Dec. 6 (Bloomberg) -- Serbia faces a “serious stumbling block” in its bid to join the European Union after German and Austrian soldiers were wounded in a clash at Serbia’s border with Kosovo, German Deputy Foreign Minister Werner Hoyer said.
Last week’s incident was “extremely serious and the Serbian government must know when it doesn’t prevent things it can prevent, then it is a serious stumbling block,” Hoyer told reporters in Brussels yesterday. The European Council issued a statement saying Serbia must take steps “towards a visible and sustainable improvement of relations with Kosovo,” in order for talks to begin regarding its EU membership.
Serbian President Boris Tadic said he was “hopeful” that the EU’s decision this week on the country’s candidacy will be positive. Even if it isn’t, “Serbia must move on” as “that is not a definitive defeat, just one lost battle,” Blic news portal quoted Tadic as saying today.
About 25 NATO soldiers were wounded on Nov. 28 while attempting to remove roadblocks set up by Serbians living in northern Kosovo who reject the country’s 2008 independence from Serb rule, the Associated Press reported. The North Atlantic Treaty Organization called the violence “unacceptable,” and urged all sides “to exercise restraint.”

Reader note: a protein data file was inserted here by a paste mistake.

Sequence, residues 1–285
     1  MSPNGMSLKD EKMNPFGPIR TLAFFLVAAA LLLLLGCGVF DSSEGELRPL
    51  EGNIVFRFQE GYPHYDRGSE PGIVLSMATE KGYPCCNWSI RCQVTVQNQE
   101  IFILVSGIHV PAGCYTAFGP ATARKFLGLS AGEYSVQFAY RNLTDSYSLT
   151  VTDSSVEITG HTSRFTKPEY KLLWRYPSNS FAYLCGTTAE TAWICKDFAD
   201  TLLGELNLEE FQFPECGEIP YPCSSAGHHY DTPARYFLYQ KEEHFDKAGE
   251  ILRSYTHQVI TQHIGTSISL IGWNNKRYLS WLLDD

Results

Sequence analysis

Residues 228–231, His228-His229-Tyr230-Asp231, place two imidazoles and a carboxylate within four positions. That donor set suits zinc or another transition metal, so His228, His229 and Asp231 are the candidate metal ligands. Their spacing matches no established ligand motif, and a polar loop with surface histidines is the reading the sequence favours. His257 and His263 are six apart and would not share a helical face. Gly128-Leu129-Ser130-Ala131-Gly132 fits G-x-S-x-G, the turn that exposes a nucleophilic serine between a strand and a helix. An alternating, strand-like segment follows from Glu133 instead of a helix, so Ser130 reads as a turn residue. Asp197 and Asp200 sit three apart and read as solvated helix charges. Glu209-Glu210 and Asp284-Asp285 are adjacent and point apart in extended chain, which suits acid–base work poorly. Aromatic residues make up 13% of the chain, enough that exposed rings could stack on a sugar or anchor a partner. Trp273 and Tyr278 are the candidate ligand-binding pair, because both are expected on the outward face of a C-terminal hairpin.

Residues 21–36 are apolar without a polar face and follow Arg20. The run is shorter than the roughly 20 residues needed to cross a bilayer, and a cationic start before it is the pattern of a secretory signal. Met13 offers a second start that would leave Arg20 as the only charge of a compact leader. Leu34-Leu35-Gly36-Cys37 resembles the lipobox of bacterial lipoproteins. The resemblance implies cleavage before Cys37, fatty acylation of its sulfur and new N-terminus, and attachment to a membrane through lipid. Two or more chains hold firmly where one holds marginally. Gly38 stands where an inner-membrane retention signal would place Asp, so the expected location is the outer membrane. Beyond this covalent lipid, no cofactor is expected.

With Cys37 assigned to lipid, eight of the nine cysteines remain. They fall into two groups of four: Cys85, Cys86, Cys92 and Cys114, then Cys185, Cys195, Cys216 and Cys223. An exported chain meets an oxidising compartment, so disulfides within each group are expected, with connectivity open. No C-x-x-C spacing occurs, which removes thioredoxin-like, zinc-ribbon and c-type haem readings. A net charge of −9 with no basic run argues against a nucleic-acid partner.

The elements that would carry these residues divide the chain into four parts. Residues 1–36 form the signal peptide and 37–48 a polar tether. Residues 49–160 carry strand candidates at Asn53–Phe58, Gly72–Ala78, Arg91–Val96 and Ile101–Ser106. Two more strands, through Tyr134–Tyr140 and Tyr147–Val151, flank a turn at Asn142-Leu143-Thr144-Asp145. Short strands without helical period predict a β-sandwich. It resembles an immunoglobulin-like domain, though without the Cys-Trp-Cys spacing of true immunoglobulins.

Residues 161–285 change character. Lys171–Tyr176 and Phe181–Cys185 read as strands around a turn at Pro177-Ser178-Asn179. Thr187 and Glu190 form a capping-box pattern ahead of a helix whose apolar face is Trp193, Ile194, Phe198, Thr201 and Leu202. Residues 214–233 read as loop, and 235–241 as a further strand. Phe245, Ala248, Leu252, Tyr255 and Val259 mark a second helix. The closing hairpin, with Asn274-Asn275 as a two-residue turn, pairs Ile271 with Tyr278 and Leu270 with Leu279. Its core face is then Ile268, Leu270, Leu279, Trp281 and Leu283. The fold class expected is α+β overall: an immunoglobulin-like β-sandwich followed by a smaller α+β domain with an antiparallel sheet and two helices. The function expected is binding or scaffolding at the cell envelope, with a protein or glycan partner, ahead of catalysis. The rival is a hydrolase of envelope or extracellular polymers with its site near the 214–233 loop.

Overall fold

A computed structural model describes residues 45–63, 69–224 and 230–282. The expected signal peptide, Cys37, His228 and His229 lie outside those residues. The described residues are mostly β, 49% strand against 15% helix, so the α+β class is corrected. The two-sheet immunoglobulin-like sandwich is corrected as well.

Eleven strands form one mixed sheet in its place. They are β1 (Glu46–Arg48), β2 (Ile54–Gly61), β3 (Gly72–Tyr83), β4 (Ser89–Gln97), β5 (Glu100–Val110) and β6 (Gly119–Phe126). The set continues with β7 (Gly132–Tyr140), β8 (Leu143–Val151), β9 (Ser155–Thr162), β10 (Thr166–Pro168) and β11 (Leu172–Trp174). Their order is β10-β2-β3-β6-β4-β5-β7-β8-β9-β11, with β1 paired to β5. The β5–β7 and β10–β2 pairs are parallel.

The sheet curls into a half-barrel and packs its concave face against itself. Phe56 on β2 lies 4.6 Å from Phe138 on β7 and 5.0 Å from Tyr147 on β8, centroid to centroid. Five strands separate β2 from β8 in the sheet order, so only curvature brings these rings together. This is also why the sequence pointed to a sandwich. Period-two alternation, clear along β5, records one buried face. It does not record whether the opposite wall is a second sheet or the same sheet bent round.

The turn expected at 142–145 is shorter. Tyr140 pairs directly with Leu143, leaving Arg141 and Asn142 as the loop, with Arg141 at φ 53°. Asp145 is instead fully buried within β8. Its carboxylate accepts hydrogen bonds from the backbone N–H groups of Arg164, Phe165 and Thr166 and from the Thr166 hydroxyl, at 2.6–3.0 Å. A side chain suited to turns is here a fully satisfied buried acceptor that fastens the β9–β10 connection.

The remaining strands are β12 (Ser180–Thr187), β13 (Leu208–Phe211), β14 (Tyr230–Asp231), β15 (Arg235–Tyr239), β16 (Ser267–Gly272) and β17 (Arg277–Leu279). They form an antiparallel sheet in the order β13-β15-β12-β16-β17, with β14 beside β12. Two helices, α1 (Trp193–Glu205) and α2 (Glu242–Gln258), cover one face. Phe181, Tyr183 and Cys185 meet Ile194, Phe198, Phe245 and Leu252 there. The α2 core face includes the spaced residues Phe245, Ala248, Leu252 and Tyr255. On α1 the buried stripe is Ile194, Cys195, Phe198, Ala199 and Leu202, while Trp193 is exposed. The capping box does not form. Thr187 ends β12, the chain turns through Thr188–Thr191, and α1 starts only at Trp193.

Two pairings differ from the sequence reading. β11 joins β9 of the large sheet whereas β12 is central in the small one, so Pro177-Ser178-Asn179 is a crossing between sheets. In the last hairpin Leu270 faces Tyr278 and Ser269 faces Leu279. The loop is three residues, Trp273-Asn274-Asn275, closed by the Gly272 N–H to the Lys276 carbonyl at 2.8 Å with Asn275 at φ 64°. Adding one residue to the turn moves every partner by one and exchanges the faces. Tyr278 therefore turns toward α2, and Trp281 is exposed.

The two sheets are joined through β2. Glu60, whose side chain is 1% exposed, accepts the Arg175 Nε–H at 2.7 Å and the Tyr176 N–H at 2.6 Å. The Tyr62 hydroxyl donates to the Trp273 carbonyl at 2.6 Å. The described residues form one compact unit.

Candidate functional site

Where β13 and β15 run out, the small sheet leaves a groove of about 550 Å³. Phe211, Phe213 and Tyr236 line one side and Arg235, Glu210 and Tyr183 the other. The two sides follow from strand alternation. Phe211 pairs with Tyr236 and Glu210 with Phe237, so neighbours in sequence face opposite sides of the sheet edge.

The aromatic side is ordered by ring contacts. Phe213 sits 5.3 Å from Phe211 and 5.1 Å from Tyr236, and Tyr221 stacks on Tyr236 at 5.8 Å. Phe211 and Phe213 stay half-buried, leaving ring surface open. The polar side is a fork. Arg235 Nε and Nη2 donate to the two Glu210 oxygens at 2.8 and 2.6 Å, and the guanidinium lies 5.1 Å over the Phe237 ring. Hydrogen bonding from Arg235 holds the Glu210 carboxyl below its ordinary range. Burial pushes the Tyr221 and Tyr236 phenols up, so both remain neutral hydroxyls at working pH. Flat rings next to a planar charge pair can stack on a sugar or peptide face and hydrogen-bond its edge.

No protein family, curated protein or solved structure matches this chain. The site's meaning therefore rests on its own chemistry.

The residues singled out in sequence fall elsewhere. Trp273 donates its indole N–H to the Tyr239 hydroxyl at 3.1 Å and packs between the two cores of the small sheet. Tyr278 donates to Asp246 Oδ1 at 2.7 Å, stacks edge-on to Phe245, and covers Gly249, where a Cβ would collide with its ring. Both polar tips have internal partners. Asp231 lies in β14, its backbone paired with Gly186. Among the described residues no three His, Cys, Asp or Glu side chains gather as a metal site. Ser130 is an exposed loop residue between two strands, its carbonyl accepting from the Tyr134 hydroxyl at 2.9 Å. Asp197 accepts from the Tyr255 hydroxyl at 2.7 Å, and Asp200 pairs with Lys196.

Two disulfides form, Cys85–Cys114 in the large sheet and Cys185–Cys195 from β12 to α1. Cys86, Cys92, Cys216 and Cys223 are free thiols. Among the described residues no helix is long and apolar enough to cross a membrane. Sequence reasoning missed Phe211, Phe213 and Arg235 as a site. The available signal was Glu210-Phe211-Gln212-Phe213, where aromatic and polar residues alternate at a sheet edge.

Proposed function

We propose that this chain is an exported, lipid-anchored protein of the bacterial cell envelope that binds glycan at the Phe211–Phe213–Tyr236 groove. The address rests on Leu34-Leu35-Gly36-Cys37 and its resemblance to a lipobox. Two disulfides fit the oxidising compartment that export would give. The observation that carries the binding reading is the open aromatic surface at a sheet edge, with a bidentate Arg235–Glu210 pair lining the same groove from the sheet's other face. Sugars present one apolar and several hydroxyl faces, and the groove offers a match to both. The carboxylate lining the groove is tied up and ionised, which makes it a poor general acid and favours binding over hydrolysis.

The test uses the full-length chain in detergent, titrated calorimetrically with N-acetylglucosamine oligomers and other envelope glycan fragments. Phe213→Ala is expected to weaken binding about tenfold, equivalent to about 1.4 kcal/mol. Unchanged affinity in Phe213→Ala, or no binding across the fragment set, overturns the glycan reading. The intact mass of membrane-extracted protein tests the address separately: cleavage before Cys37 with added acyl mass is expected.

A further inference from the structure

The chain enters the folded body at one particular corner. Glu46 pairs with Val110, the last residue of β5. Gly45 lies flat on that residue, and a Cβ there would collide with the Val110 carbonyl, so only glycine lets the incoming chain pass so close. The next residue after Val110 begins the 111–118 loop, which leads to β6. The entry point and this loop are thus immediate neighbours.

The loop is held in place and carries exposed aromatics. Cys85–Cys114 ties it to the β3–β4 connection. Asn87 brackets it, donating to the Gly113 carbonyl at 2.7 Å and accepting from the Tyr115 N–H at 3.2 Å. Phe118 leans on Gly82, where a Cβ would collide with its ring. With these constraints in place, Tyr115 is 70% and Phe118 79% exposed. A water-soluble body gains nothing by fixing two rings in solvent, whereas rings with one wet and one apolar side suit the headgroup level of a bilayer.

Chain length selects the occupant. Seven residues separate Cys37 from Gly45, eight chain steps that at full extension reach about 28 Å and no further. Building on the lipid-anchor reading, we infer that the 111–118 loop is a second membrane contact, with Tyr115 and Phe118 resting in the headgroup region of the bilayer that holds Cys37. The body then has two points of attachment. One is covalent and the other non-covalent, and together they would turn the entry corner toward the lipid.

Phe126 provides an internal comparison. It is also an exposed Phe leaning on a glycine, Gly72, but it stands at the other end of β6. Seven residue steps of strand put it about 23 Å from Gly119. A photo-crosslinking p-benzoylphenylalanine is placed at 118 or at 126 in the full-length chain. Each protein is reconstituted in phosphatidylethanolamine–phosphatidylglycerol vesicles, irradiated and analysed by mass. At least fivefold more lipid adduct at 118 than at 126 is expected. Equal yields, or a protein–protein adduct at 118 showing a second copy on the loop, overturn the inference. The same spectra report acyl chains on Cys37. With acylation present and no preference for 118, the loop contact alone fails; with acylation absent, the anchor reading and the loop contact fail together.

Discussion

Kosovo Serbs began removing the road blocks yesterday, according to website B92. The action came sooner than expected after leaders of four Serbian municipalities vowed to remove the barricades only after parliament verifies an agreement between Belgrade and Pristina on integrated border management.
The accord reached under the EU auspices on the weekend, and crucial for Serbia’s bid to become an EU candidate, sees a “balanced presence” of Serbian and Kosovo police and customs officers on the border, while Eulex, the EU’s law-and-order mission, will hold executive powers at the crossings.
Serbia hopes to be declared a membership candidate at the Dec. 8-9 EU summit. Its neighbor, Montenegro, is likely to go further with its EU bid by being ruled eligible to start entry talks, Hoyer said.
“There is probably going to be more or less consensus on Montenegro where we intend to actively begin negotiations,” Hoyer told reporters.
--With assistance from Ben Livesey in San Francisco. Editors: Douglas Lytle, John Brinsley
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